Stepping into the space sector with its satellite production technologies in 1994, Turkey is fairly new in this initiative. However, satellite technologies started contributing to the economic development of Turkey over the years. The Turkish Space Agency, whose administrative infrastructure took its shape in 2018, announced the national space targets on February 9, 2021, within the framework of the policies determined by our President. Turkey will conduct its space economy and technologies under a certain program and centre. Since it is relatively new, the Turkish space sector can be considered as a new technological innovation-based high-income area that is open to stakeholders. The 2021 budget of the Turkish Space Agency was determined to be TRY 38 million 71 thousand.
In this sector, where domestic companies are the priority, new companies can also arise by establishing start-ups or in cooperation with foreign space companies. In the first phase, the aim is to create a spacecraft and launching platforms for our first steps into space. Space X’s dragon capsule is powered by solar panels and lithium batteries. The solar panels, which are manufactured and exported by our Turkish businesspeople in the energy industry, can be easily installed into our space crafts. Started to be produced in ETİ Maden facilities in Eskişehir, lithium can easily be used in space vehicles. And the boron metal with a large reserve in Turkey is suitable for use in high-temperature aircraft frames. Thus, it can also be used in Turkish spacecraft.
In space technologies, many countries specialise in a certain area with their own resources. For example, Germany is the most important material supplier with its optical lens activities. And Turkey has the potential to contribute to the world of space technologies with its own mineral reserves, especially in high temperature and radiation-resistant spacecraft frame production. We can diversify these areas, and Turkey can rank among the first countries in the supply chain for aerospace materials, contributing to the global economy.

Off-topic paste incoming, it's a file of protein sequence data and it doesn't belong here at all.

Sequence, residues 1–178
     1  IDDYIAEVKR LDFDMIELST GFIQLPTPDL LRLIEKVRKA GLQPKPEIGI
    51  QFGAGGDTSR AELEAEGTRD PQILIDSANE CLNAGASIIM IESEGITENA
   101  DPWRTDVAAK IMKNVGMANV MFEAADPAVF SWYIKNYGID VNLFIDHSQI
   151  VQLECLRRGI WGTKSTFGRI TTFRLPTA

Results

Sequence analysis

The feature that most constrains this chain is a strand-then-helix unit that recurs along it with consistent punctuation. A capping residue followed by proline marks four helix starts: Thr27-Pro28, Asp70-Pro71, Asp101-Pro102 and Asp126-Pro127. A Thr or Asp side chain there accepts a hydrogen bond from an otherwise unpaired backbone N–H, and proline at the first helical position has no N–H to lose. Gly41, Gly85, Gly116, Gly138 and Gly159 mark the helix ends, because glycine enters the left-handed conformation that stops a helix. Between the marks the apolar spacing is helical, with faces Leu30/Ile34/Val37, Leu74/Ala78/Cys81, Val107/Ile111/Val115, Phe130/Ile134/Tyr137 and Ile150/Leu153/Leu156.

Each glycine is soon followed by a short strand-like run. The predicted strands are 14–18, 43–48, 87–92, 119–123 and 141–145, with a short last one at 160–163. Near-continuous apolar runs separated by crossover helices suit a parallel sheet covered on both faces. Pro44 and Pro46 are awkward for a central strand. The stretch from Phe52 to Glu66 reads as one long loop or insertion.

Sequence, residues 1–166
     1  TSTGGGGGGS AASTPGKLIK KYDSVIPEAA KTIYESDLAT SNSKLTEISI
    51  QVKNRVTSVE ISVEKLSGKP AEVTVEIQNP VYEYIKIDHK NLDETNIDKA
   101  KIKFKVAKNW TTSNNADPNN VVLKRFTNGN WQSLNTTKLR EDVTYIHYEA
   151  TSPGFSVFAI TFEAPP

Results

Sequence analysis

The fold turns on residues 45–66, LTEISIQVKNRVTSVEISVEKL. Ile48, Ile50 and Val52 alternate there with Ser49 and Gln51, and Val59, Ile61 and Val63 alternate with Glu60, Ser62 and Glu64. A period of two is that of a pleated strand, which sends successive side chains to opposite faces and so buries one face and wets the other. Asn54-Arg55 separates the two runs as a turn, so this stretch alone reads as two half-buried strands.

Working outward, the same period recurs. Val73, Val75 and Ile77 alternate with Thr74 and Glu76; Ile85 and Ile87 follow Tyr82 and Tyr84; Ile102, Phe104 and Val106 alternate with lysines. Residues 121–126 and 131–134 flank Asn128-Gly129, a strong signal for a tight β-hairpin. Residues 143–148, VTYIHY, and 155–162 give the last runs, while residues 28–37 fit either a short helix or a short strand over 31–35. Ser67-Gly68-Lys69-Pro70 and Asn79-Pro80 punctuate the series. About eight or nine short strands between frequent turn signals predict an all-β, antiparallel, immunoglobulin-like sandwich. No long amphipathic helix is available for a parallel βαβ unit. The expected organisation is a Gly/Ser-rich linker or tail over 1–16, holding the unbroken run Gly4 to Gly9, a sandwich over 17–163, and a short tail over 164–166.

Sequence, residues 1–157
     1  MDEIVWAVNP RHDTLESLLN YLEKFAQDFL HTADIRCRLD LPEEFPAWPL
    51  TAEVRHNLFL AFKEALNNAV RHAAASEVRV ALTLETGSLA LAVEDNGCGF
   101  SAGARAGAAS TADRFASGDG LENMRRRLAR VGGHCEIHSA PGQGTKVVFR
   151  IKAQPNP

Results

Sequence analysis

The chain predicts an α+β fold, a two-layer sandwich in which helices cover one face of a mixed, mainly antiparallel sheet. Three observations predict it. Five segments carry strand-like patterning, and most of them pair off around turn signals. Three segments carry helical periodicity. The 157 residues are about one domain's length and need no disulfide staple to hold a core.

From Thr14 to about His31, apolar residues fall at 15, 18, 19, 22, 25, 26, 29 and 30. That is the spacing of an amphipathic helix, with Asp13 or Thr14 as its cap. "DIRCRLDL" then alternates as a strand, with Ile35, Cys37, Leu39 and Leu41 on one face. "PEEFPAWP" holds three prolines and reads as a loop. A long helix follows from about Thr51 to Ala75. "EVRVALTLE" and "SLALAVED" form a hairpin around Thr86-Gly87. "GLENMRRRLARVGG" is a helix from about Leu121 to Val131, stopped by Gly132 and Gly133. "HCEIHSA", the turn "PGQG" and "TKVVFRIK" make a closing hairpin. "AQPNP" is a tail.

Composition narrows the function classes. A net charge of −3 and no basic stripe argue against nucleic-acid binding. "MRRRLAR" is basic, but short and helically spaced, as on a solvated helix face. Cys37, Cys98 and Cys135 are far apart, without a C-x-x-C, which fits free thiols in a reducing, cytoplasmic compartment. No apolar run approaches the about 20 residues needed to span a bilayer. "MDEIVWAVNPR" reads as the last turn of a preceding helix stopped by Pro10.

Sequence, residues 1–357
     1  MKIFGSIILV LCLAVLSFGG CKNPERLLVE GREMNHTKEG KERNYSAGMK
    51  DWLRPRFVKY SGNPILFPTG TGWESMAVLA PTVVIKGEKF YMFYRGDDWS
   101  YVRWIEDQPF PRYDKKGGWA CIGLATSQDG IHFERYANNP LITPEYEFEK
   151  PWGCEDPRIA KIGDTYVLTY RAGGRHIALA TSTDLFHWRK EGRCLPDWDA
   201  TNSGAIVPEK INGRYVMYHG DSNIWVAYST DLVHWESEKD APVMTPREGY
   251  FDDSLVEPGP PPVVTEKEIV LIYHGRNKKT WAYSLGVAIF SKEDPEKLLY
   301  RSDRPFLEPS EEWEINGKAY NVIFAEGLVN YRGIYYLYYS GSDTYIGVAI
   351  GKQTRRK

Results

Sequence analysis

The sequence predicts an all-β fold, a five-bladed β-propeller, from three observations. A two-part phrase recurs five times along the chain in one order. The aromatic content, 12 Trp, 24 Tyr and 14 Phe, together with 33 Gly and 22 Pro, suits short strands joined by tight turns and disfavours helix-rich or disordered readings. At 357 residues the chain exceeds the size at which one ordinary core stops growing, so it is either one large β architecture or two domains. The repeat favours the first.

Given that the new habitat area in space is considered to be based on the sun as an energy source, a new business opportunity will be created for the Turkish solar panel sector and lunar module living spaces. Space mining is still waiting since it is not possible to send robotic equipment without access to space. There are precious metals such as helium 3, moon dust (regolith), rare earth elements, titanium, and aluminium on the surface of the moon. Mining experience in this area can create a new opportunity for Mars. It is also possible to produce 3D printers and equipment to be brought with cargoes in space on the Moon.
Placing new composite materials and heat/radiation-resistant modular living units in space will stand out both for the Moon and Mars. Agreements with companies that perform international space tourism will offer space to Turkish customers. The real estate aspect is not yet clarified on the Moon and other celestial bodies that do not allow private property on a legal basis.
To sum it up, we are too close to turn our science-fiction dreams into reality, and Turkey will be a part of this journey into building the space ecosystem. This newly developing Turkish space economy awaits its entrepreneurs to develop and grow together. Turkey will rank among the strong economies in the world with its space technology and economy.
Lecturer at İstanbul Arel University Assoc. Prof. A. İnci Sökmen Alaca